This week we had the last evidence session - from the Minister, Lord West - in the Select Committee's current inquiry into EU policy on protecting Europe from large-scale cyber attacks, and the report will be ready by about the end of February. (The session with Lord West is to be broadcast on BBC Parliament on Monday 18 January at 10.50).
Monday I fielded a question about visas for athletes attending the Olympic Games, and moved two amendments to the Equality Bill. The first was to include caste among the protected characteristics, and in the debate, every speech was in favour except that of the Minister, whose argument was that no evidence had been produced that caste discrimination occurs in the UK. There will be opportunities of pursuing this further, both at Report stage and in the meanwhile, behind the scenes.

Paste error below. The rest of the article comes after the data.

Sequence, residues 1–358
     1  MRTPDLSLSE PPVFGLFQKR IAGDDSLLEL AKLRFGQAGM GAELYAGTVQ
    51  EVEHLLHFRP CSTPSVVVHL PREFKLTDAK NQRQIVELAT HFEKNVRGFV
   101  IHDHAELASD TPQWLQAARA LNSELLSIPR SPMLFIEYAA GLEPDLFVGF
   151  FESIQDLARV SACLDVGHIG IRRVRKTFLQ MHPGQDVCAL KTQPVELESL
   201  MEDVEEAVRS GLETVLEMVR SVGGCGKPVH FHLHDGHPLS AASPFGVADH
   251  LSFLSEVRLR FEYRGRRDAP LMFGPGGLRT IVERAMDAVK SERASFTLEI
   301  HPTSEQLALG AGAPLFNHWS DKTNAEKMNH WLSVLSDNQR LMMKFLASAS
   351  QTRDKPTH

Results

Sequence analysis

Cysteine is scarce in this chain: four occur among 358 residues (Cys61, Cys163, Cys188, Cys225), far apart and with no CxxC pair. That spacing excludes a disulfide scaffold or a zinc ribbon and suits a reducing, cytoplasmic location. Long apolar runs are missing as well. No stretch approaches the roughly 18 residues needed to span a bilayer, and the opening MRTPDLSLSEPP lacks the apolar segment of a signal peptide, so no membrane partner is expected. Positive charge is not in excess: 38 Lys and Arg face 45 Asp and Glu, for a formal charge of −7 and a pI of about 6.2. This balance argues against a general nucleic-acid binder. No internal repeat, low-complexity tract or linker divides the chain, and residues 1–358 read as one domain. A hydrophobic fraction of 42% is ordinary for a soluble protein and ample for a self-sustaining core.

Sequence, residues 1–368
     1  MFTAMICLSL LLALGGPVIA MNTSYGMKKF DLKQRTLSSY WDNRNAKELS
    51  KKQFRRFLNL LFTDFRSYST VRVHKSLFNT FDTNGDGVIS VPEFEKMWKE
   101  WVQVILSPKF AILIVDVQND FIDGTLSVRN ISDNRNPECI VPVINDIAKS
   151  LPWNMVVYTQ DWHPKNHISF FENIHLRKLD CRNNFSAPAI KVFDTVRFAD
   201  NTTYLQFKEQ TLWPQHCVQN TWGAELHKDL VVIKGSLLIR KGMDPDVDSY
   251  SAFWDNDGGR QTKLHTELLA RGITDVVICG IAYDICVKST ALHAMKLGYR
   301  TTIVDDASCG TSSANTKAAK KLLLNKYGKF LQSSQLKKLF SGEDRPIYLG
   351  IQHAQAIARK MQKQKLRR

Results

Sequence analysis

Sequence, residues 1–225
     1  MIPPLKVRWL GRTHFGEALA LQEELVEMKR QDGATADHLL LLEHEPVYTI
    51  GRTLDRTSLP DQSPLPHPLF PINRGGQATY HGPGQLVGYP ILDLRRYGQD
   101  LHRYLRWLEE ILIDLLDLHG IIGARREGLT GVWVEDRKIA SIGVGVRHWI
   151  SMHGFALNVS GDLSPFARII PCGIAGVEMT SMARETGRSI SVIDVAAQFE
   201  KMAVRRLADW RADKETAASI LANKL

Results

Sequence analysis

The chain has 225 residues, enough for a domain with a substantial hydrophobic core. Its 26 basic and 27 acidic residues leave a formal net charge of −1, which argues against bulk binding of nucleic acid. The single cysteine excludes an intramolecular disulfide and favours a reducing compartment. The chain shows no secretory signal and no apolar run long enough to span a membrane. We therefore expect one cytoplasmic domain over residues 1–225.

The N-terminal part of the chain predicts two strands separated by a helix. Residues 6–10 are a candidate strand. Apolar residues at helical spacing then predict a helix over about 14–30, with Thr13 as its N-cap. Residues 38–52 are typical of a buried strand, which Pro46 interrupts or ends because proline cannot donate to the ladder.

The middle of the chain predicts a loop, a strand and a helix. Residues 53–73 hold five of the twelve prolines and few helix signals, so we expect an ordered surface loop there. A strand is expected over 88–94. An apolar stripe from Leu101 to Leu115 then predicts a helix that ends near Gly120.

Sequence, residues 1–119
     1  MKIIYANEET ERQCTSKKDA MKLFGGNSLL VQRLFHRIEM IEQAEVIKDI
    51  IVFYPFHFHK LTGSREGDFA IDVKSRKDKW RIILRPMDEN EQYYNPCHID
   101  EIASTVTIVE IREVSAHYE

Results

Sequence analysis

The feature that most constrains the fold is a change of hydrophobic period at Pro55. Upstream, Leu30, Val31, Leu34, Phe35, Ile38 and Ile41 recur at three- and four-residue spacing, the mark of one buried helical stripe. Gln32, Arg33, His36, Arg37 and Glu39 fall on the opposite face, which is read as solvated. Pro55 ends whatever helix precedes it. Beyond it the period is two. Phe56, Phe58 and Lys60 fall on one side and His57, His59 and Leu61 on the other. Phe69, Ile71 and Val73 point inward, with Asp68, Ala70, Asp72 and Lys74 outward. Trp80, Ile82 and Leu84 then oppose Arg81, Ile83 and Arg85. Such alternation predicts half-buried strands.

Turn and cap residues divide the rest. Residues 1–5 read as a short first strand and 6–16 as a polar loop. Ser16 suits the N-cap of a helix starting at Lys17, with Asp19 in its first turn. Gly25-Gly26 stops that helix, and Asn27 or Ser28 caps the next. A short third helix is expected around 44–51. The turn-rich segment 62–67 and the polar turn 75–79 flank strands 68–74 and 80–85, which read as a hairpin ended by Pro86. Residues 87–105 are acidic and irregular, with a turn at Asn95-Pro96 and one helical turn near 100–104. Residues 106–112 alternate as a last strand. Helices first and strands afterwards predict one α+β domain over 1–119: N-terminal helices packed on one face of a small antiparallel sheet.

My other amendment covered Scottish Gypsy Travellers who, unlike their English, Welsh and Irish cousins, haven't been protected in the past. As a result of an Employment Tribunal case, they are now designated as an ethnic group, and contrary to what we had been told previously, this case is not being appealed.
Tuesday I spoke in a debate on the European Union Committee's recommendation that the UK opt into the EU's
Victoria very kindly came over today to help with office work. She tells me she has recorded a piece about the 1962 by-election for the BBC Radio 4 programme Broadcasting House at 09.00.